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Without Warning!

Without Warning!
Dark Sky
1952 / B&W / 1:37 flat full frame / 77 min. / Street Date August 30, 2005 / 14.98
Starring Adam Williams, Meg Randall, Edward Binns, John Maxwell, Angela Stevens, Byron Kane, Charles Tannen, Marilee Phelps, Robert Shayne
Cinematography Joseph F. Biroc
Production Designer Edward S. (Ted) Haworth
Film Editor Arthur H. Nadel
Original Music Herschel Burke Gilbert
Written by Bill Raynor
Produced by Arthur Gardner and Jules Levy
Directed by Arnold Laven

Reviewed by Glenn Erickson

Obscure film noirs keep turning up to surprise us, and Dark Sky DVD has unearthed a good one, a 1952 Los Angeles-based manhunt thriller called Without Warning! It's an early collaborative effort by the team of Arthur Gardner, Jules Levy and Arnold Laven. They became prolific producers of theatrical and television fare, hitting it big with the 1958 TV show The Rifleman.

Plenty of early 1950s independents were turning out low-budget B&W crime thrillers but few are really memorable. Thanks to a tight script and good direction, this story of a serial killer is far better than most. It compares favorably to Edward Dmytryk and Stanley Kramer's somewhat similar The Sniper of the same year.


Professional gardener Carl Martin (Adam Williams) is really a murderous maniac with a chilling modus operandi: He picks up dishy blondes and stabs them to death with a pair of garden shears. Detectives Pete Hamilton (Edward Binns) and Don Warde (Harlan Wade) exhaust police methods but have no luck tracking him down as the blonde victims keep falling. Martin is smitten by Jane Saunders (Meg Randall), whose husband is away fighting in Korea; she works for her dad at the nursery. Carl's interest in Jane eventually turns back to subject A: Murder.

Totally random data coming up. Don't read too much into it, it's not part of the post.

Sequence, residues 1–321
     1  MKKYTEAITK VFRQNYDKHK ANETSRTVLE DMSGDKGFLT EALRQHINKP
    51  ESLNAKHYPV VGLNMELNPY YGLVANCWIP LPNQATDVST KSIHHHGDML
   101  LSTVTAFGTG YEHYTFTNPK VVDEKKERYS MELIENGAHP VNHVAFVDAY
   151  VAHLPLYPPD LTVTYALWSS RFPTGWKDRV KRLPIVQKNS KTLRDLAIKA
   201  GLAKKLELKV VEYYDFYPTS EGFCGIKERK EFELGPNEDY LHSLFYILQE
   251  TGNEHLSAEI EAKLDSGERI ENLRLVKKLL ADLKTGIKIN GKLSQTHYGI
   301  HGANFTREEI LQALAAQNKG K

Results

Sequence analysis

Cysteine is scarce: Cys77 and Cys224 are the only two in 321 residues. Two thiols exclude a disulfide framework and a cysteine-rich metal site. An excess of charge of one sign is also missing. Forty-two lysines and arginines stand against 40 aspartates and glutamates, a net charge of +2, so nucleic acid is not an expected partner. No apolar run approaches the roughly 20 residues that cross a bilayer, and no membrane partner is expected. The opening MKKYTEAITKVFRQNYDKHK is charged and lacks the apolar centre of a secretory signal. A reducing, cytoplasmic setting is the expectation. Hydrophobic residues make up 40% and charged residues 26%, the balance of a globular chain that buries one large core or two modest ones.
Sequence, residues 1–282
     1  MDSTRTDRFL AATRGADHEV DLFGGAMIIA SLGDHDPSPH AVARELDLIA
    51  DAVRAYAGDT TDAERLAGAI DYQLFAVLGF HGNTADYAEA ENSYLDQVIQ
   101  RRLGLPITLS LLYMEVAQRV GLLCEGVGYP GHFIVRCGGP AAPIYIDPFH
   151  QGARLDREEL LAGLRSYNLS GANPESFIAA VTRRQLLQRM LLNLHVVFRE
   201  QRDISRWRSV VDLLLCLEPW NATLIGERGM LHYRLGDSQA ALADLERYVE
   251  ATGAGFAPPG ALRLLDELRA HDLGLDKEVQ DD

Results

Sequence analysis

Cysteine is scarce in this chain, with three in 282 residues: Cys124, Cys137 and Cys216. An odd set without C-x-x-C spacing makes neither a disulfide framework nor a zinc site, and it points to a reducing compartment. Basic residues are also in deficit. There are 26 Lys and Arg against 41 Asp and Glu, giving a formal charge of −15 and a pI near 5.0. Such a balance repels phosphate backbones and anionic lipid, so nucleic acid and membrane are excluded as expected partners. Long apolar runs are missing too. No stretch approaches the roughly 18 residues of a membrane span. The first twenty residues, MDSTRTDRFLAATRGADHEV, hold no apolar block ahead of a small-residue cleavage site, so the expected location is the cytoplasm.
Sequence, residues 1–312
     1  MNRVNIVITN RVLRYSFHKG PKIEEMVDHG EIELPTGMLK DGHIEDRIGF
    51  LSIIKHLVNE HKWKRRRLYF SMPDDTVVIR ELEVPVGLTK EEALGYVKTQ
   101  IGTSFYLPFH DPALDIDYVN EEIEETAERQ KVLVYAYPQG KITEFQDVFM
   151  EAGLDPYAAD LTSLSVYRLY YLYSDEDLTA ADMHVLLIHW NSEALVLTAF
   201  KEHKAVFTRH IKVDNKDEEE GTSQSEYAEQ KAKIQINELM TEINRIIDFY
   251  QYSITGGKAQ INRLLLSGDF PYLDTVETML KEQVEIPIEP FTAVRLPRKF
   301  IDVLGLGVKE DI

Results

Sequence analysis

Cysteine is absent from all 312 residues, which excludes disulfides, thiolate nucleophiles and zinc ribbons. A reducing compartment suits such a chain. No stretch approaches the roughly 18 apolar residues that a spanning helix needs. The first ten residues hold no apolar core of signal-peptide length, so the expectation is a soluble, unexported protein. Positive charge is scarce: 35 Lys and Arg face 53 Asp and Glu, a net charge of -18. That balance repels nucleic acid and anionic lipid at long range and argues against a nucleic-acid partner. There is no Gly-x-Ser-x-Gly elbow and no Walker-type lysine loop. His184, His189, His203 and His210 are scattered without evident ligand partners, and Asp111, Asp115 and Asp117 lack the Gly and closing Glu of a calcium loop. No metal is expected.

If Without Warning! derives from an earlier model, it's the superior manhunt drama He Walked by Night from 1948. Both films feature loner anti-heroes that give L.A. cops a run for their money before being cornered in a violent finale. Without Warning! doesn't have the previous film's John Alton to give it a fine noir visual edge, but it compensates by creating one of the first credible psycho-killer stories in which the criminal is the leading character. Someone's stabbing beautiful blondes to death in a repeating pattern, almost like a "full moon killer." Conventional methods fail to unmask the killer so the detective squad puts a number of policewomen on the street as bait. Finally, a tiny clue sets the cops on the path to their man.

Adam Williams' killer has no trouble picking up his victims in bars and on the street, and leaves no clues. He's given a psychologically sound rationale for his murders, having been deserted by a faithless wife. Most crime thrillers in the early 50s considered subject matter like this too sordid; newspapermen routinely suppressed the gruesome details in cases like The Black Dahlia. Williams' Carl Martin leaves his victim's dead eyes staring up in close-up, the kind of graphic detail that would be handled more discreetly in a big studio film.

Director Arnold Laven reveals a sensitivity that eluded him in much of his later feature work. We observe Carl Martin as he goes about his gardening business, but we're also encouraged to identify with his strange attitude toward women. His usual victims are bar-girls, and he's somewhat confused when he finds himself similarly attracted to the wholesome daughter of his nursery supplier. Laven artfully shows Carl's frustration when the perfect opportunity to kill her eludes him. He's far too controlled to just go berserk.